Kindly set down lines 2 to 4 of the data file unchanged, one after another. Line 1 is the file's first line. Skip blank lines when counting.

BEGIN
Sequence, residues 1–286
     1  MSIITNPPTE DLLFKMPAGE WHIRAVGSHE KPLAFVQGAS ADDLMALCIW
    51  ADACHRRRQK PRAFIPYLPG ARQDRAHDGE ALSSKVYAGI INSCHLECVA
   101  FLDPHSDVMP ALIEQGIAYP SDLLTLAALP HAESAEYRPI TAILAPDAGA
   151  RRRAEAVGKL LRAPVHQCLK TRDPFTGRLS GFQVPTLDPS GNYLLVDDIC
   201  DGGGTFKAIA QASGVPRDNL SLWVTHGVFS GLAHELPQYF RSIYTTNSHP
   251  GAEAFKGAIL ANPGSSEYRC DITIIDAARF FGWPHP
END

     1  MSIITNPPTE DLLFKMPAGE WHIRAVGSHE KPLAFVQGAS ADDLMALCIW
    51  ADACHRRRQK PRAFIPYLPG ARQDRAHDGE ALSSKVYAGI INSCHLECVA
   101  FLDPHSDVMP ALIEQGIAYP SDLLTLAALP HAESAEYRPI TAILAPDAGA